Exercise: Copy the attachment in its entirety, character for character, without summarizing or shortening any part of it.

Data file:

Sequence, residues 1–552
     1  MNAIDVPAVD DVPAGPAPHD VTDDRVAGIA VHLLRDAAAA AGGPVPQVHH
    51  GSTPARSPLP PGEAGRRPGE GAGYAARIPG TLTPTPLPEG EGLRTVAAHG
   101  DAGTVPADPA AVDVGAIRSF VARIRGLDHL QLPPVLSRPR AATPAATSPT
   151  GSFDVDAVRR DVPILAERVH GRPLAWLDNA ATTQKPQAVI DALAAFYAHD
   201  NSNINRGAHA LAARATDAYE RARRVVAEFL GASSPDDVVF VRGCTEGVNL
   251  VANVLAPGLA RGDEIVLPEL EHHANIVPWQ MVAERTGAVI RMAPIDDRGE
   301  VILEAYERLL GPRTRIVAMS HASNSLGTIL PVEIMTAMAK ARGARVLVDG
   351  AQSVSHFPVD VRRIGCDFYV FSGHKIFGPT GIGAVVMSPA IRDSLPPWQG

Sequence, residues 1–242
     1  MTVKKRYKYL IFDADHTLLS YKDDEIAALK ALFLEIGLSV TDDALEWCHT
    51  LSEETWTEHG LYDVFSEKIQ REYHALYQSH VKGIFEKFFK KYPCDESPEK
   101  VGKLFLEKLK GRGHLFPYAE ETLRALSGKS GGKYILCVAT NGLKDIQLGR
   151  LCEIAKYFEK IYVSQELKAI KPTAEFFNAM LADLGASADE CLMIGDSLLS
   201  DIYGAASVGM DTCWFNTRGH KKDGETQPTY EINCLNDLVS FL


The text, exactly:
Sequence, residues 1–552
     1  MNAIDVPAVD DVPAGPAPHD VTDDRVAGIA VHLLRDAAAA AGGPVPQVHH
    51  GSTPARSPLP PGEAGRRPGE GAGYAARIPG TLTPTPLPEG EGLRTVAAHG
   101  DAGTVPADPA AVDVGAIRSF VARIRGLDHL QLPPVLSRPR AATPAATSPT
   151  GSFDVDAVRR DVPILAERVH GRPLAWLDNA ATTQKPQAVI DALAAFYAHD
   201  NSNINRGAHA LAARATDAYE RARRVVAEFL GASSPDDVVF VRGCTEGVNL
   251  VANVLAPGLA RGDEIVLPEL EHHANIVPWQ MVAERTGAVI RMAPIDDRGE
   301  VILEAYERLL GPRTRIVAMS HASNSLGTIL PVEIMTAMAK ARGARVLVDG
   351  AQSVSHFPVD VRRIGCDFYV FSGHKIFGPT GIGAVVMSPA IRDSLPPWQG

Sequence, residues 1–242
     1  MTVKKRYKYL IFDADHTLLS YKDDEIAALK ALFLEIGLSV TDDALEWCHT
    51  LSEETWTEHG LYDVFSEKIQ REYHALYQSH VKGIFEKFFK KYPCDESPEK
   101  VGKLFLEKLK GRGHLFPYAE ETLRALSGKS GGKYILCVAT NGLKDIQLGR
   151  LCEIAKYFEK IYVSQELKAI KPTAEFFNAM LADLGASADE CLMIGDSLLS
   201  DIYGAASVGM DTCWFNTRGH KKDGETQPTY EINCLNDLVS FL